NOAA/National Severe Storms Laboratory


Hypothesis (Rasmussen-1) concerning morphology/role of mesoscale vortices for convective initiation

Erik Rasmussen on May 1, 2000 at 14:40:00:

Background: Several researchers have noted the existence of coherent km-scale kinematic structures along boundaries. We recently have obtained high-resolution surface data from a mobile mesonet that shows that vortices exist in the DCVZ and some drylines with scales of 100-1000 m. Our observations show that these vortices redistribute near-ground water vapor, and visual observations show there may be an association between cumulus growth and the existence of a vortex.

Hypothesis: Vortices (~vertical) in boundaries have similar structure aloft as at the ground, extend through the same depth as the boundary itself, and are associated with local horizontal maxima in virtual temperature.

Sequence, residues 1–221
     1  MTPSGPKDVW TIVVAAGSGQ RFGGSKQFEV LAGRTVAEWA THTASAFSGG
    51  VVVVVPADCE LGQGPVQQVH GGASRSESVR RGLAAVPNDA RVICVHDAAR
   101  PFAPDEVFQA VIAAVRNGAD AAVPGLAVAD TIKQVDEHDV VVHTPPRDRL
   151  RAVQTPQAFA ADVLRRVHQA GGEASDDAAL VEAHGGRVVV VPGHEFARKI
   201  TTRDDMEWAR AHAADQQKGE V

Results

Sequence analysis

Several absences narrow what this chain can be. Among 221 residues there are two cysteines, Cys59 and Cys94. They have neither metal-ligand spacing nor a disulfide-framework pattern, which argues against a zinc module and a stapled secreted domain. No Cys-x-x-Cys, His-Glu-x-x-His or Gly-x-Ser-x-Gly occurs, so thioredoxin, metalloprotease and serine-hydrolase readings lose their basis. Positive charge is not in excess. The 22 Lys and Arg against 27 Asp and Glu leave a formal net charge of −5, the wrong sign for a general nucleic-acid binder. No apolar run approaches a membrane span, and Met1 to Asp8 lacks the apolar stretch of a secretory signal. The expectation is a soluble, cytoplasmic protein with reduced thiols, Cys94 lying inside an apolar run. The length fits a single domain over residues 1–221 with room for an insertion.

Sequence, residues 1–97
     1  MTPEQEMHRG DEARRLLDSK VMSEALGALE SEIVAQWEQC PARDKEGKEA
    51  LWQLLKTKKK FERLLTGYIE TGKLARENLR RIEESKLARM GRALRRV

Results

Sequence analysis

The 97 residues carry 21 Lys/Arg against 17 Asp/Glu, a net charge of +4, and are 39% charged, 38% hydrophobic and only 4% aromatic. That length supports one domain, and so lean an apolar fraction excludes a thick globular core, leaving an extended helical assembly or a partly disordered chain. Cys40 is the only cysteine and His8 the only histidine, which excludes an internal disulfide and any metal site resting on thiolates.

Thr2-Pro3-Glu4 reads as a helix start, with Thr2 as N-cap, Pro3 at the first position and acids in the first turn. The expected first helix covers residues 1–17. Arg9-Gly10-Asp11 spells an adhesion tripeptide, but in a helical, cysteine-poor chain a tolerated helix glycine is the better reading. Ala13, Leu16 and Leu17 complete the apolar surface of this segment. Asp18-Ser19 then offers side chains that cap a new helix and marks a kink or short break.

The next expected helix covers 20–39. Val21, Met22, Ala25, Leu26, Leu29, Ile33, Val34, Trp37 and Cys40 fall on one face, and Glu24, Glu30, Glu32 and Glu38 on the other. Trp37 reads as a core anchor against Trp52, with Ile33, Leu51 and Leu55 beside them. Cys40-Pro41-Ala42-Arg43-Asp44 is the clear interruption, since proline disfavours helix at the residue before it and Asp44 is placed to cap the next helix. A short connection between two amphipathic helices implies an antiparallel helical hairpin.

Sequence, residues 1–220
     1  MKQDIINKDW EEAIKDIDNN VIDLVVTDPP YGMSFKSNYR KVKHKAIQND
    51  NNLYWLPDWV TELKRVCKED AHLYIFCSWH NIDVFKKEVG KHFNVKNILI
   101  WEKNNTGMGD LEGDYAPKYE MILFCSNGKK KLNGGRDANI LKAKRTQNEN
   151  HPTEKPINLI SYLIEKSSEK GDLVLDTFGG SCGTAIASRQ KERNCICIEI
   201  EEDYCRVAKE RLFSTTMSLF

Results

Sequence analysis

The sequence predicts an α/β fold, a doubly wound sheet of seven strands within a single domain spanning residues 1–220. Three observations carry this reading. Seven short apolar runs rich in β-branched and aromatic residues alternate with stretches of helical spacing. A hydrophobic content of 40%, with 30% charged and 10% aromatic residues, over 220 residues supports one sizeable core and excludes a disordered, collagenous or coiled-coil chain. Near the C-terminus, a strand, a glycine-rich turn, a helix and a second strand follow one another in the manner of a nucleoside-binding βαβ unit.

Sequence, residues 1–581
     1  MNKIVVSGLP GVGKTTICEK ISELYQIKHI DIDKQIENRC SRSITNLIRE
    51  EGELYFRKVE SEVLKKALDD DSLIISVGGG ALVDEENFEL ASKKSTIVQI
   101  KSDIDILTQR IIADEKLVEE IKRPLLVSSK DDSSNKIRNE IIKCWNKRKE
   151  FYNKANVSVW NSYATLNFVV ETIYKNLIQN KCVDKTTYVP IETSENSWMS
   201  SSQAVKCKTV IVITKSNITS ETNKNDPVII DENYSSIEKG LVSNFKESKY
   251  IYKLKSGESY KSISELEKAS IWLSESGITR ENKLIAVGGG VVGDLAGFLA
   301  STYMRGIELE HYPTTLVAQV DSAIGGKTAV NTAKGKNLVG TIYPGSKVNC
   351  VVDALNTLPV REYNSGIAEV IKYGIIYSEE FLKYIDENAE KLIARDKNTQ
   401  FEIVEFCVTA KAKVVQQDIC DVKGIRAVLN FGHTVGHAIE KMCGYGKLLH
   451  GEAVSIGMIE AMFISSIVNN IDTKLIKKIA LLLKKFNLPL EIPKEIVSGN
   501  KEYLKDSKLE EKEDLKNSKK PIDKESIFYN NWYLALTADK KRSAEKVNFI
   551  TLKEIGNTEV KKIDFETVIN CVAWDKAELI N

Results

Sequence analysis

NOTE: This is a "first-step" hypothesis. Note that we are not attempting to explain the forcing of the vortices, nor their role in convection initiation. Instead, we seek only to document their existence and the fact that they are playing a role in vertical transport of heat and moisture. Note also that the sampling strategy should provide enough data to do preliminary investigation, and hypothesis-generation, concerning the forcing of the vortices and role in convection initiation.

Locate vortices with mobile dual-Doppler and airborn pseudo-dual-Doppler radar. Sample them with mobile dual-Doppler, mobile and airborne mesonets, and mobile soundings, and compare these samplings with thermodynamic fields retrieved from dual-Doppler wind syntheses.
Ground-detected vortices weaken/disappear with height below the boundary top/inversion. Virtual temperature perturbations aloft are not correlated with the existence of ground-detected vortices.

The following appear in order; discussion points may directly refer to one or more comments preceeding it.


Click here to comment on this hypothesis. Please reference: RASMUSSEN-1.